Friday, March 15, 2013

Homestead Eating: Gourmet Cabbage Salad

This evening, I am meeting the ladies of HBB for a glass of wine and baked brie at our favorite classy local joint.  We will celebrate Faye's first official rejection letter for her novel from a publisher, talk about plans for April's Camp NaNoWriMo, giggle madly, gossip, and discuss the meaning of life.  We frequently go to Lavelle's after shows, or for an HBB heart to heart; sometimes we go on dates, and we went there to celebrate Maple and Me's elopement.  It is an expensive restaurant and the closest thing to a wine bar that Fairbanks has to offer.  It has good taste in wine, vinagrette and cheese.  I usually get salads or appetizers. 

I have taken to recreating one of their salads, a warm red cabbage with bacon in it.  I think I've had it as many times at home as at the restaurant, perhaps more.  I've made a couple of variations on it, depending on what is in the pantry, and it has been a while since I had the one that Lavelle's makes.  But the best I can remember, Lavelle's cooks dried cranberries (which soak up some juices), bacon and walnuts with the red cabbage and tops it with a dab of goat cheese.  It is super delicious. 

Tonight's version began with chopped up applewood smoked bacon cooking in the wok.  Then I added half a head of chopped red cabbage.  The bacon hadn't provided quite enough fat, so I added some olive oil with basil, thyme, salt and pepper.  A splash of merlot at the beginning of cooking and a glug of balsamic near the end added to the cabbage juices to stain the bacon purple-brown.  I didn't have any walnuts or dried berries today, so I added in a couple handfuls of frozen lingonberries.  I anticipated writing here about how the tiny ruby red berries exploded tart and sweet and wild in the mouth, a surprise among the cabbage.  But it turns out that the high heat of the cooking and the quick transition from frozen to cooked burst most of the berries in the pan, and the lingonberry juices mingled into the salad.  I liberally topped our plates with goat cheese, and we ate it with a glass of Merlot and the last episode of the first season of True Blood.  (I'm hooked.  It's kind of ridiculous.  We don't have TV, but we have a television and I occasionally watch TV shows on DVD.)  It was delicious.  And the deep purple of the salad with the crisp white of the goat cheese next to the deep red of the merlot was strangely appropriate for a vampire film.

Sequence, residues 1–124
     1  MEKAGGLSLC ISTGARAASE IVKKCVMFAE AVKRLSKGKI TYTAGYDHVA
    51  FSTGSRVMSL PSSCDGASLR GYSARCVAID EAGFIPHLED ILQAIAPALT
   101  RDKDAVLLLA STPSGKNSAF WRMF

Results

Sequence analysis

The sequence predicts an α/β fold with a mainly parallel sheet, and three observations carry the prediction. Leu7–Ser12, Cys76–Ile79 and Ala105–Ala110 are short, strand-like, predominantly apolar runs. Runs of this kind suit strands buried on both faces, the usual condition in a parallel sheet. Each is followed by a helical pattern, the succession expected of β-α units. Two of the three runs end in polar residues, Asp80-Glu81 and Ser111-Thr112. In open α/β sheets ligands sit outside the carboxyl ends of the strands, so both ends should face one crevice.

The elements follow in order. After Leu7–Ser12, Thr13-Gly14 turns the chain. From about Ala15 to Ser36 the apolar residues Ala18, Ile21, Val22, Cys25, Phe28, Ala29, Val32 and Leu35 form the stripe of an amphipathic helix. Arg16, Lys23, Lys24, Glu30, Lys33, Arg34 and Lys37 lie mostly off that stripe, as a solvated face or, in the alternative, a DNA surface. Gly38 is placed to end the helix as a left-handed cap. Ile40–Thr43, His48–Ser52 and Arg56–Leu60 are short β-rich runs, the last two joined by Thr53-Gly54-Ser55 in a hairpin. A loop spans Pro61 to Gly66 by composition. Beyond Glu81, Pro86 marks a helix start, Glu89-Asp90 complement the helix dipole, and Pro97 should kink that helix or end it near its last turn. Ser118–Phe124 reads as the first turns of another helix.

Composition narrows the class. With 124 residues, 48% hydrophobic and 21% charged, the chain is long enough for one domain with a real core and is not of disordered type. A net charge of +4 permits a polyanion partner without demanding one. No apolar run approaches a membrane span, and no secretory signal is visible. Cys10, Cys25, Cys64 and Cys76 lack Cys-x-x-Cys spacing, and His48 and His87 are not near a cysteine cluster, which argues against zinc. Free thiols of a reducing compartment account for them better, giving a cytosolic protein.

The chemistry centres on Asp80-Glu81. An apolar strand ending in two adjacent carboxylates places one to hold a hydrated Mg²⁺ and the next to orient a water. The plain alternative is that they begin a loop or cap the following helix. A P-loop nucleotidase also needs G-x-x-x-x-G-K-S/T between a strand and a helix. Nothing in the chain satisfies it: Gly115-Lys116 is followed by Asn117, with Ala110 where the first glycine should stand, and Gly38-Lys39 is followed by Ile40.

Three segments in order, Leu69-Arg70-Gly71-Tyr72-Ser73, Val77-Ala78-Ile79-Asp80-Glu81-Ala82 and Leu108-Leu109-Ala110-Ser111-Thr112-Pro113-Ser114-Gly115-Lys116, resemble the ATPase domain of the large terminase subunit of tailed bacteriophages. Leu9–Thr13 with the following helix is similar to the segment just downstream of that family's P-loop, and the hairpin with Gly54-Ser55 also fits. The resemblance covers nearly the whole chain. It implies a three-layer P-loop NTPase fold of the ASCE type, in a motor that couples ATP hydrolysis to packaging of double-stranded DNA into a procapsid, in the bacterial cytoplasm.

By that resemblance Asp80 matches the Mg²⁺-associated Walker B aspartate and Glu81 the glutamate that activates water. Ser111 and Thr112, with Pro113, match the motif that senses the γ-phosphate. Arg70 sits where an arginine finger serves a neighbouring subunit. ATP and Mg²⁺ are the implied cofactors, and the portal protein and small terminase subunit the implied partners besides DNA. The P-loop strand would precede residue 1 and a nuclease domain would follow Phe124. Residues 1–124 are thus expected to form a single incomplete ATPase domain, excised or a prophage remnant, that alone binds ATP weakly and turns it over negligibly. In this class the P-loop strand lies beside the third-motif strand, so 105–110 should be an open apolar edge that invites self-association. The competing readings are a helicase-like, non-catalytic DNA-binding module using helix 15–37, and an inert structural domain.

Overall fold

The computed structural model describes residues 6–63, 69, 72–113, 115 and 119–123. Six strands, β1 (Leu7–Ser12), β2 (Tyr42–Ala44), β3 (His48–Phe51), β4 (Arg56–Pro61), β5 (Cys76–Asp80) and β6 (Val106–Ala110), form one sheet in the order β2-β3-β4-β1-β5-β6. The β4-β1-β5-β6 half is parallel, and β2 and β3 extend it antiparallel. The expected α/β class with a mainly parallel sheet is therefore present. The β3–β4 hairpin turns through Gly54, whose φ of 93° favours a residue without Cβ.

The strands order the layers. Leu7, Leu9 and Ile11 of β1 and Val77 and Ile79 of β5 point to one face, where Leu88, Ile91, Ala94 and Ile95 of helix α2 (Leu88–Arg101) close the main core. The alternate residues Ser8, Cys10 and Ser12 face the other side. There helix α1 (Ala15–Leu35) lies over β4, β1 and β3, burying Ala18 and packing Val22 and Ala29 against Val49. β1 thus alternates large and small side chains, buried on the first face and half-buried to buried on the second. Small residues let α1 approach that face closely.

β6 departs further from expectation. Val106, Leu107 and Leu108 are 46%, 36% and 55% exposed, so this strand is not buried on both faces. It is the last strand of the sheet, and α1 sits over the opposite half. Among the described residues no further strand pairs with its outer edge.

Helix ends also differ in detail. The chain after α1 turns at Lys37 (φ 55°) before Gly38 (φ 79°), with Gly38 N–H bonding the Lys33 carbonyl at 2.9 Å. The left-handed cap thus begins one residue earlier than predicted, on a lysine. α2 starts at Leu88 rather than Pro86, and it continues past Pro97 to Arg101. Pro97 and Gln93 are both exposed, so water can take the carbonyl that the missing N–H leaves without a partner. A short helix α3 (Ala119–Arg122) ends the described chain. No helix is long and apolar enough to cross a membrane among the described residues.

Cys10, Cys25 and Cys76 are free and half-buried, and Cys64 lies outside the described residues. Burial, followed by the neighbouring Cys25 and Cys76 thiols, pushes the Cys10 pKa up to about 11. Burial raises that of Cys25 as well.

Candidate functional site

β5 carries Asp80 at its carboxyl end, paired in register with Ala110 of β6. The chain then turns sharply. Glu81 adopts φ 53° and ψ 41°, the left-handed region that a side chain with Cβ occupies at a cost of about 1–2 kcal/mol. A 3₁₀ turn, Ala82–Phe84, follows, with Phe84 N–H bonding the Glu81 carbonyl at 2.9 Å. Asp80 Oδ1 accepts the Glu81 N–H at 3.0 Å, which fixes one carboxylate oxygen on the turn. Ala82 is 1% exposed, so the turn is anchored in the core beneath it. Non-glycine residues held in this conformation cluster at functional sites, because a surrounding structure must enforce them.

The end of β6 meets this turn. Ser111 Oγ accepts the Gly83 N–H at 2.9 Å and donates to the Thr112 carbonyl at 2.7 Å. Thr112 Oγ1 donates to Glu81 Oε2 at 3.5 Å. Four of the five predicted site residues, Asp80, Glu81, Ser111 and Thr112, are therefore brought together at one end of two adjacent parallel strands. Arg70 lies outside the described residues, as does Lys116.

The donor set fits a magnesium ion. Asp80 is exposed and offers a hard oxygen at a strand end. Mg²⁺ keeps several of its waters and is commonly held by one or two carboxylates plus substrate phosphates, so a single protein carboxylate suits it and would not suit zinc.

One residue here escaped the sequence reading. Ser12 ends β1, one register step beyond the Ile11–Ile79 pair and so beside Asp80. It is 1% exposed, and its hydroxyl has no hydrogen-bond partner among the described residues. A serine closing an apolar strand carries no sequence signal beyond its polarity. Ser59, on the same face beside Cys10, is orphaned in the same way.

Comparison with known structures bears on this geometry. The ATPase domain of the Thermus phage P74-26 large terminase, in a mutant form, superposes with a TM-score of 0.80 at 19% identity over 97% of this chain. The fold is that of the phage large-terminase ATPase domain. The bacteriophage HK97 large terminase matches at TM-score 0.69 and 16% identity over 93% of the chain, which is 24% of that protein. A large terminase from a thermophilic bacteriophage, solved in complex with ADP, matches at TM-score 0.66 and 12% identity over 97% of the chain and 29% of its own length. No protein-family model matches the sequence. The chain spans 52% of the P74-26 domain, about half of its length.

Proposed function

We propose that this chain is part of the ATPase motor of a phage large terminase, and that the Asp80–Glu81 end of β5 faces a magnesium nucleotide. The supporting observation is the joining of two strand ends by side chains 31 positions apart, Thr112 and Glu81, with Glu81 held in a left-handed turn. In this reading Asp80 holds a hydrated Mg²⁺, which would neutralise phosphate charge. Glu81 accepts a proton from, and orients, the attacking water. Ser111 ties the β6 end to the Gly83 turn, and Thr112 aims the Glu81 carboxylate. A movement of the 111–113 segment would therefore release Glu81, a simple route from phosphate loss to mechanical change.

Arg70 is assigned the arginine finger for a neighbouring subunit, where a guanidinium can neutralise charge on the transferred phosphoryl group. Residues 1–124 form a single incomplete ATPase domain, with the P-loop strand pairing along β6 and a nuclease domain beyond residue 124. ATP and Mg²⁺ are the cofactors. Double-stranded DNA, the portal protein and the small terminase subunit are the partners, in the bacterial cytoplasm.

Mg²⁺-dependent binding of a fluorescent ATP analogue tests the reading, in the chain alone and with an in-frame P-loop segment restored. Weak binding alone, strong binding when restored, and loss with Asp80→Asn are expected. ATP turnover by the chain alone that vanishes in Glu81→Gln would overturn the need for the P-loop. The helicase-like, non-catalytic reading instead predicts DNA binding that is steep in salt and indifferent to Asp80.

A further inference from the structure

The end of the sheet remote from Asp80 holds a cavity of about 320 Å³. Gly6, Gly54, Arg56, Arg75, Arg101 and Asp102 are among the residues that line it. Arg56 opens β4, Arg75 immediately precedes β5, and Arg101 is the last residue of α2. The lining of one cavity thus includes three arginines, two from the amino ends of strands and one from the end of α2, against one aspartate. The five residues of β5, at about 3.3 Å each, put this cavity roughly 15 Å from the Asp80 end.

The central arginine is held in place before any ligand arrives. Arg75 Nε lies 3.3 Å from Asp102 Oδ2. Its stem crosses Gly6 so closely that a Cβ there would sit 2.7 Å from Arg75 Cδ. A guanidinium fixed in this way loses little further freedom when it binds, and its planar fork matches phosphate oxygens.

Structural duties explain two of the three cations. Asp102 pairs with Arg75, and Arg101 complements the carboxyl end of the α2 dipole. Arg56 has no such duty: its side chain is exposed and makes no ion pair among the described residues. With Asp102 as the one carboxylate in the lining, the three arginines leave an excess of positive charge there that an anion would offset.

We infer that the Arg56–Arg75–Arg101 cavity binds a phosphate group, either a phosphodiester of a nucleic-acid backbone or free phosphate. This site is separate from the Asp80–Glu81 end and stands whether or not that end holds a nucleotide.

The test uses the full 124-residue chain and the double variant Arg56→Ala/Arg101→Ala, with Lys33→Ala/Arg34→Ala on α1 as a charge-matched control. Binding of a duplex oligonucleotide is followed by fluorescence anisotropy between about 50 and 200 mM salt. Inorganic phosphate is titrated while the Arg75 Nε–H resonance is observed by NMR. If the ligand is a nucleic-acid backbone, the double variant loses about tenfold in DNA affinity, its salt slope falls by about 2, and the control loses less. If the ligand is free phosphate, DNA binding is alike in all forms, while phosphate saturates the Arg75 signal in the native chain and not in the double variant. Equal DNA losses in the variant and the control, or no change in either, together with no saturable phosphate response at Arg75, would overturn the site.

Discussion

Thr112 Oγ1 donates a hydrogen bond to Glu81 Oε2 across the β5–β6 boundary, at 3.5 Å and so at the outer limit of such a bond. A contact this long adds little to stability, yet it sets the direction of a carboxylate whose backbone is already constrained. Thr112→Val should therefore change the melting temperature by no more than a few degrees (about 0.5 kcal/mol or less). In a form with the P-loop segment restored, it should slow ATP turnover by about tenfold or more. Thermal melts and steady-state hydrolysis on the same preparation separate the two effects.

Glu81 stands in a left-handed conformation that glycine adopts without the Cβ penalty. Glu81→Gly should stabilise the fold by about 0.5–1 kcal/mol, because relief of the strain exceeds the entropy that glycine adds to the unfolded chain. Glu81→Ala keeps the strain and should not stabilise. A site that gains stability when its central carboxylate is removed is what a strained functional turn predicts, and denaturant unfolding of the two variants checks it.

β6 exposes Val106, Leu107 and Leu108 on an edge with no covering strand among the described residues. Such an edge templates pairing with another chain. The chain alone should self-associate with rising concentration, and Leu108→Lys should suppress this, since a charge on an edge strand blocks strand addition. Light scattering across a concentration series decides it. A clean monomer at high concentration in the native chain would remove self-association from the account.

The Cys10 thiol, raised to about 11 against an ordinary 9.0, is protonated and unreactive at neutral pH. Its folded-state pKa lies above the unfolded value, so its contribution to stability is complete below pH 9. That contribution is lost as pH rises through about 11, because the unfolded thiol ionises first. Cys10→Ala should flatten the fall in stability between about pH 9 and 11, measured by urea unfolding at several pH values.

And one of the best parts is that – apart from the olive oil and herbs (some of them anyway), which I will import without compunction for as long as our shipping systems allow it – it all could have been produced locally.  Unfortunately, I got the cabbage, the goat cheese, and the bacon all at Fred Meyer's.  But cabbages grow beautifully up here, we intend to raise pigs, and I hear tell that over on another hillside Maple and Me will have goats before too long.  When I think about eating locally in a just barely subarctic climate, it is easy to slip into a poverty mindset: well I can't eat that or that or that or that because it doesn't grow up here.  So I find it rewarding (as it is in so many ventures in lfe) to frame my mind to abundance.  To celebrate the things are.  The foods that grow and the meals they make.  And, if that just happens to approximate, or even surpass, a gourmet restaurant meal?  Well, I'll take it with gratitude.

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